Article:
This introduction to research as an undergraduate opened another door—I abandoned law school so that I could pursue graduate study in political science at Princeton. There, I was fortunate enough to start a lifelong mentoring relationship with Professor Fred Greenstein, a preeminent internationally acclaimed presidency scholar who brought me into his world of discovery at the intersections of political phenomena, historical forces and personality. The “Greenstein treatment,” as I came to know it, began with an always open door, a curious mind and inclusion in my mentor’s professional orbit. Greenstein involved me in his intellectual life, which meant embracing the value of collaboration and interdisciplinary work, the excitement of intellectual engagement, and perhaps most importantly, doing so with a decency of character and temperament that has served as a model for my own interactions and engagement with UC Davis undergraduates for the past thirty-four years. He taught me to understand research design, to develop sound hypotheses, to plan strategies for alternative arguments and options, to test arguments and to appreciate the role of theory in research. From Greenstein I learned that most research is grounded in relevant scholarly literature and history and usually results in generalizations. I learned how to write literature reviews, and to conduct probing interviews and archival research.
Learning to write a research paper is one of the major benefits of being at UC Davis, for students as well as for faculty members. Since my first day on campus in September 1977, I have invited undergraduates into my world of research engagement. The Acknowledgements sections of my books give ample testimony to the creativity and value of undergraduate research at UC Davis. Moreover, in my years as Director of our campus’s experiential learning program in Washington, D.C., I have mentored dozens of students who were writing research papers, several of which have been published in previous editions of Explorations. The adjective experiential is crucial, for it acknowledges that students only learn by doing. As their mentor it is my job to help them learn how to develop and write a research paper, a skill that will serve them well in life, no matter which doors they open. Just as my mentors, Professors Scribner and Greenstein, did for me, so have I enjoyed helping students frame a research question, develop hypotheses, select a methodology and research strategy, collect data, and analyze and interpret findings. Engaging with students in this way allows me to watch a process of intellectual growth.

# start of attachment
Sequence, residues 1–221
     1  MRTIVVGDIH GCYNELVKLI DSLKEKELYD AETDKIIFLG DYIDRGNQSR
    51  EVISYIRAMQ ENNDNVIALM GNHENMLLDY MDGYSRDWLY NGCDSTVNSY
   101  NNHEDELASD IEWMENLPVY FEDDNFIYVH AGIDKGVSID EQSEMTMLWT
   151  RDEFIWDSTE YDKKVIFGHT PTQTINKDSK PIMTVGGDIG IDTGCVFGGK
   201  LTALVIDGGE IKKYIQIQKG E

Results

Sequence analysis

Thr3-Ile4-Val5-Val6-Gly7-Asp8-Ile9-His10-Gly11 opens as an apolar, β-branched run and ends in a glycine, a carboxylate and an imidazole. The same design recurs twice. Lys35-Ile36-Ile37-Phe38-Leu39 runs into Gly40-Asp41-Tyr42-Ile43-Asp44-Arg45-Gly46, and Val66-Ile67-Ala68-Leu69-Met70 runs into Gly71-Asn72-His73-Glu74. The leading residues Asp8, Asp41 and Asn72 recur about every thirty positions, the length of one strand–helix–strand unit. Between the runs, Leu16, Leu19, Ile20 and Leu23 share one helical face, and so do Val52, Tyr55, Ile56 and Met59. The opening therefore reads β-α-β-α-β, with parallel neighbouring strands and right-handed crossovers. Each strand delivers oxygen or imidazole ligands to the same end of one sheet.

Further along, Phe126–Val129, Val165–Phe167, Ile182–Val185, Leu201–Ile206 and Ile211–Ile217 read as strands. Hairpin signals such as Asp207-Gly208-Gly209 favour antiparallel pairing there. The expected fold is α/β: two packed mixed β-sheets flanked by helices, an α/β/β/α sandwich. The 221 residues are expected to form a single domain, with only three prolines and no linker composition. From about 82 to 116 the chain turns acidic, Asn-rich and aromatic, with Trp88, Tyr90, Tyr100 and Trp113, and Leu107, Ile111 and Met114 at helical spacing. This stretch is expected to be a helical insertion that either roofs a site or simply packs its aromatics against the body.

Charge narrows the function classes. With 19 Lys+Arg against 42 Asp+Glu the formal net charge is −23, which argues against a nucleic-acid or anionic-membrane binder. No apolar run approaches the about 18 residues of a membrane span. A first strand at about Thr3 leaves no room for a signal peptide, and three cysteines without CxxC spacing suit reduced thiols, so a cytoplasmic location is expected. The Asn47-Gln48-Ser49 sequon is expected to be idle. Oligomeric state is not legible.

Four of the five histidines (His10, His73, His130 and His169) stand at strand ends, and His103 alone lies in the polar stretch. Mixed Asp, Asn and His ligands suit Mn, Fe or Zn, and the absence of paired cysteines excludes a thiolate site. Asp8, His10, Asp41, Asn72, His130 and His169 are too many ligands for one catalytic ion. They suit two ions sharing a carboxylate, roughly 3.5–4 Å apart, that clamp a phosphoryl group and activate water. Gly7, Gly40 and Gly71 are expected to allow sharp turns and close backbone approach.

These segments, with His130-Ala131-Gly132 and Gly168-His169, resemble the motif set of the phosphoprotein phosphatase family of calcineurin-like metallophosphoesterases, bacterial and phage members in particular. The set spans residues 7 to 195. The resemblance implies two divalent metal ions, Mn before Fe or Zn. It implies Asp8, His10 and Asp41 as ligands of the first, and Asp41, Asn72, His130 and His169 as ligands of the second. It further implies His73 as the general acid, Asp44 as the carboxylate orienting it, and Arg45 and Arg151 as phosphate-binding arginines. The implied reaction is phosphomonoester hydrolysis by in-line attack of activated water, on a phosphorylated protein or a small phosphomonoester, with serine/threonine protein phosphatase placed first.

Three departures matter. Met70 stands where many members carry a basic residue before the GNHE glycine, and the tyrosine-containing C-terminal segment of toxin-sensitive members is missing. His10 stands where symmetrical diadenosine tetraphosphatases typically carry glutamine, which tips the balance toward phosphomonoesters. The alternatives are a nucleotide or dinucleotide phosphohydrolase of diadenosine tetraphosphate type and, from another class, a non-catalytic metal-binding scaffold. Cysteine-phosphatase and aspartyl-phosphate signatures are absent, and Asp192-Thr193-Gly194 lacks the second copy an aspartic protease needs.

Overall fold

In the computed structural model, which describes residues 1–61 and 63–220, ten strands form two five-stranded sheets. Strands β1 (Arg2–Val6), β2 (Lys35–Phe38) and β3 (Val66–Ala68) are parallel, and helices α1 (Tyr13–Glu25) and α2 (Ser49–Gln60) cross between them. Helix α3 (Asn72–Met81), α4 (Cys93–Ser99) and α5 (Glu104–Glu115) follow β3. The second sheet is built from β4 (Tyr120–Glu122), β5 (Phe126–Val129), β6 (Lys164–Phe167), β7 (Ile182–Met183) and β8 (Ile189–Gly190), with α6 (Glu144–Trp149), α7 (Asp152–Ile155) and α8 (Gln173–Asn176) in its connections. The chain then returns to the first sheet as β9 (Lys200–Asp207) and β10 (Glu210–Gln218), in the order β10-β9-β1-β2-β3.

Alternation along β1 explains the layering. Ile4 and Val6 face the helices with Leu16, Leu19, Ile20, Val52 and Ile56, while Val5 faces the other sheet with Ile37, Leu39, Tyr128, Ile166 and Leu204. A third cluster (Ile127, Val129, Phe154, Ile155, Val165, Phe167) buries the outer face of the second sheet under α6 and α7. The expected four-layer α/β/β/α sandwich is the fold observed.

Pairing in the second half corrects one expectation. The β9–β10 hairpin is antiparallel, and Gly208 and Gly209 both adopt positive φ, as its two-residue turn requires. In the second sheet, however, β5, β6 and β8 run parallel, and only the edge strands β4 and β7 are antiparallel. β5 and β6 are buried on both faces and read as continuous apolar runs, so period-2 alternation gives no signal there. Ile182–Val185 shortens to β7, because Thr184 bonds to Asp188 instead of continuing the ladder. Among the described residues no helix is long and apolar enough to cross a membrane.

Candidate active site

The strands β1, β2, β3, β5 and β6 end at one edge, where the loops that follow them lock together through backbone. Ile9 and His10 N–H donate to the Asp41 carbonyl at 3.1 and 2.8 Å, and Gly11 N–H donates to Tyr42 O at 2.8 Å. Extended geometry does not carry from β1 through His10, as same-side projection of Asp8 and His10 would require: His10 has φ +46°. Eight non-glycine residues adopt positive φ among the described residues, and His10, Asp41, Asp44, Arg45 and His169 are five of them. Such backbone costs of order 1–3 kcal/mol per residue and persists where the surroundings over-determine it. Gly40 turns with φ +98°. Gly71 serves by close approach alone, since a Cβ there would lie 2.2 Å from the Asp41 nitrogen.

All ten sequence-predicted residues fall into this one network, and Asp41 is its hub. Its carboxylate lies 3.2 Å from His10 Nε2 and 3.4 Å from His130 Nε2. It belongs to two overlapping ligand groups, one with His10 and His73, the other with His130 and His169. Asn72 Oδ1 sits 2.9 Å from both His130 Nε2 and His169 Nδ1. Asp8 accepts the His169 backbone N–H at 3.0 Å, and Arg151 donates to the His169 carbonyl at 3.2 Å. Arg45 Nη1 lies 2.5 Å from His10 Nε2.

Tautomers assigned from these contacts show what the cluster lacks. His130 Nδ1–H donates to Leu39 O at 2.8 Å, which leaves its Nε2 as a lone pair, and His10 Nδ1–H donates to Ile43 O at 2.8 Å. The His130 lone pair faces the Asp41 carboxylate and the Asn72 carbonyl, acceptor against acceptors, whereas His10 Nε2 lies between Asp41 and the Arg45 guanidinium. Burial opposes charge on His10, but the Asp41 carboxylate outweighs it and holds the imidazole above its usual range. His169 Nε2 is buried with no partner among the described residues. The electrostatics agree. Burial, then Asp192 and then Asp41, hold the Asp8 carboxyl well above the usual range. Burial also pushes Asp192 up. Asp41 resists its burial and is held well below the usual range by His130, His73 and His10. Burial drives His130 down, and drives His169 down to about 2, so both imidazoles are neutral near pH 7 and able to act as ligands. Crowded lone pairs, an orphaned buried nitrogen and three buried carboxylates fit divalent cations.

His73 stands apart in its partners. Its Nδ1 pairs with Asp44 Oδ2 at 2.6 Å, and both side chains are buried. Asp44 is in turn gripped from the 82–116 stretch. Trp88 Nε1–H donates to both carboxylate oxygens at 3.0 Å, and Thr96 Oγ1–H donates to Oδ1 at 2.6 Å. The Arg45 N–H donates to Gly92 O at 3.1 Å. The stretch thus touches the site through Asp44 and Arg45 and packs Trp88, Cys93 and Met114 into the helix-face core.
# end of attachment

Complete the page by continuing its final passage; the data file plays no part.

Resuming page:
Perhaps most enjoyable is listening to students present and defend their research at UC Davis’ annual Undergraduate Research, Scholarship & Creative Activities Conference. There, UC Davis experts serve as discussants on panels related to their area of expertise. Students benefit from the opportunity to present papers in a professional setting and to face one of the most difficult challenges in the research endeavor, to defend one’s research and respond to constructive criticism. It is all part of the process of writing an excellent research paper, of learning to identify and to open the right doors.
At the end of the day, I can say unequivocally that I have learned so much from my students and their research projects, which is truly one of the great benefits of mentoring. For me, as a professor at UC Davis, the best part of the deal is knowing that there are still so many doors to open, so many questions awaiting the journey of discovery. My door, like that of professors across the university, will always be open to those motivated students with the curiosity to join me and my colleagues for the ride.